The latest quarterly workload survey of the Federation of Master Builders (FMB) shows that members’ workloads across Britain have begun to increase for the first time since the economic downturn began.
The data suggest there might be reason to hope that the longest deepest recession anyone in the UK construction industry has ever experienced may finally be coming to an end.
The FMB’s state of trade survey shows the net balance for workloads, expected workloads and enquiries in the second quarter of 2013 was positive across most of the UK for the first time since 2007.
The number of respondents reporting a rise in workloads soared (34% vs 18%), while those indicating lower levels of workloads fell (23% vs 39%).
Firms also expect to see increasing activity over the next three months when compared to the previous quarter.
A greater proportion of respondents predict workloads to rise (29% vs 26%); while fewer firms anticipate falling workloads (21% vs 29%).
Only in Scotland is there cause for concern as a negative net balance of -26 was recorded there, showing that conditions had deteriorated during the three months to June. Overall though, the signs are that business confidence is starting to improve among SME builders.
FMB chief executive Brian Berry said: “After one of the toughest and most sustained economic downturns since the Second World War, it is encouraging to see conditions may be easing for Britain’s beleaguered builders. It is a testament to the resilience, work ethic and professionalism of SME builders, many of whom have had to cut their cloth accordingly and eat into their profits to maintain staffing and capacity in the hope that a better day would come.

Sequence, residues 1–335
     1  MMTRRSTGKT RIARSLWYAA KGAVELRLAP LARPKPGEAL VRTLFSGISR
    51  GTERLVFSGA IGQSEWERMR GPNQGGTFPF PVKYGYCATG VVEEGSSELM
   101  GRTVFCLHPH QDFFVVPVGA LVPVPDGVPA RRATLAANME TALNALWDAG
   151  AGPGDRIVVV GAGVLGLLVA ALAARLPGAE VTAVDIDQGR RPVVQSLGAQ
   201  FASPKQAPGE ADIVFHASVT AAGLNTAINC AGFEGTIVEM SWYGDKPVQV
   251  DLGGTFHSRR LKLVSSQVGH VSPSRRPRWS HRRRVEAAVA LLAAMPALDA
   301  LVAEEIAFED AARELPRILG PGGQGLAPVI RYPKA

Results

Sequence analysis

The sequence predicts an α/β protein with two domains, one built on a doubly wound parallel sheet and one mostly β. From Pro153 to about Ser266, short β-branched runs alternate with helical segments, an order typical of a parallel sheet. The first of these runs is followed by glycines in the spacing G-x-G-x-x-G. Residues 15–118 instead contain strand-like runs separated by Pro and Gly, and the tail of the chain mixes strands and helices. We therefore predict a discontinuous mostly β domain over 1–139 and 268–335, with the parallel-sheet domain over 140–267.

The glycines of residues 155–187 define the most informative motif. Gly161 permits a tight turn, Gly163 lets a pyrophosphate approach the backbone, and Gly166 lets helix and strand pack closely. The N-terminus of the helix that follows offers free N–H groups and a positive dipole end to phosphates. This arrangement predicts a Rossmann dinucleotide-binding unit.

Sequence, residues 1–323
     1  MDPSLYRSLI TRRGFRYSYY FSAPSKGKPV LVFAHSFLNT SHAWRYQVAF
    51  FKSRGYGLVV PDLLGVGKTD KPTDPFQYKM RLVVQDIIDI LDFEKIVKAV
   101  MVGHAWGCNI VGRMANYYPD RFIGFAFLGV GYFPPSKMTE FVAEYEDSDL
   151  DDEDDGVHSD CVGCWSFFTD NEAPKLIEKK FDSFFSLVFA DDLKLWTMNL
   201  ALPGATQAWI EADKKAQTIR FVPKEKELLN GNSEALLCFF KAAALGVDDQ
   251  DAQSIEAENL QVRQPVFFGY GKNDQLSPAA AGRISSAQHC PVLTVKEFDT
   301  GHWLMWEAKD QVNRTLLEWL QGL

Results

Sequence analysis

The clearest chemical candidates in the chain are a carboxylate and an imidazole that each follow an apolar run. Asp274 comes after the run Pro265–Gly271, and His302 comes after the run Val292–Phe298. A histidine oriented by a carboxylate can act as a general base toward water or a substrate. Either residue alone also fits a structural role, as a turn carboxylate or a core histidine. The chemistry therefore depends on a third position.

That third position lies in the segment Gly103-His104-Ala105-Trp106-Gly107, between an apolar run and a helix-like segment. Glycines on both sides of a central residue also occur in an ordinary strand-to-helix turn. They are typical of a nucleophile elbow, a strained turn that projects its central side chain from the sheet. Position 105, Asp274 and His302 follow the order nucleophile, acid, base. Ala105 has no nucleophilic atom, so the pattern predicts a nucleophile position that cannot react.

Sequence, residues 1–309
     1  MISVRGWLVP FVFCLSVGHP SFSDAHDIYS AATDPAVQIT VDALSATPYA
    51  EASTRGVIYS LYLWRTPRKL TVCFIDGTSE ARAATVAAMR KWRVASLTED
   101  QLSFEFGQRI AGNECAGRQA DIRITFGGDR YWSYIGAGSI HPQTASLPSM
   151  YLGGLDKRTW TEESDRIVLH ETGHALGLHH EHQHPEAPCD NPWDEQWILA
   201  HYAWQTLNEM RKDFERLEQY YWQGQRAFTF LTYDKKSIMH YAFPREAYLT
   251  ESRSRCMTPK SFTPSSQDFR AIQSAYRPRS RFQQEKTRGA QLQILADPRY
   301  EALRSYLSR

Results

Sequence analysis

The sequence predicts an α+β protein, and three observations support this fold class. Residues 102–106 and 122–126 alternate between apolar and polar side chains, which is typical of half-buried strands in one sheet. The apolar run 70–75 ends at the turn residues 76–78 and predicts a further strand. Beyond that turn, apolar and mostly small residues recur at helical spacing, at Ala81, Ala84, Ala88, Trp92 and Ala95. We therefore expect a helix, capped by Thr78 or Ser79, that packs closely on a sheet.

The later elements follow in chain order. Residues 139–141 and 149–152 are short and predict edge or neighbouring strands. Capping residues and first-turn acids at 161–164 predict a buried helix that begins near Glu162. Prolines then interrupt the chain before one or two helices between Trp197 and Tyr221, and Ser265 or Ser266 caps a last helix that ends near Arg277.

“While these figures are a sign that the worst may finally be behind us, the building trade has a long way to go to get back to pre-2008 levels of employment and output, and there are many hurdles still to overcome. We must not be complacent, as consumer confidence is fragile at best. The FMB will continue its work to champion professional builders over the cowboys.”
Mr Berry concluded: “It is now more important than ever that the Government acts to secure this nascent recovery. Policies such as the Green Deal and Funding for Lending schemes, which should have given a boost to construction SMEs, continue to underperform and aren’t providing the improved access to finance and new work which they promised, while the FMB’s recent report into procurement practices showed that public contracts too often remain unsuitably packaged and difficult to access for most small construction firms. Help to Buy is still in its early days, but seems to be having a positive impact on the property market. Ministers must now do more to meet calls from house builders to reduce regulation in order to get more homes built.”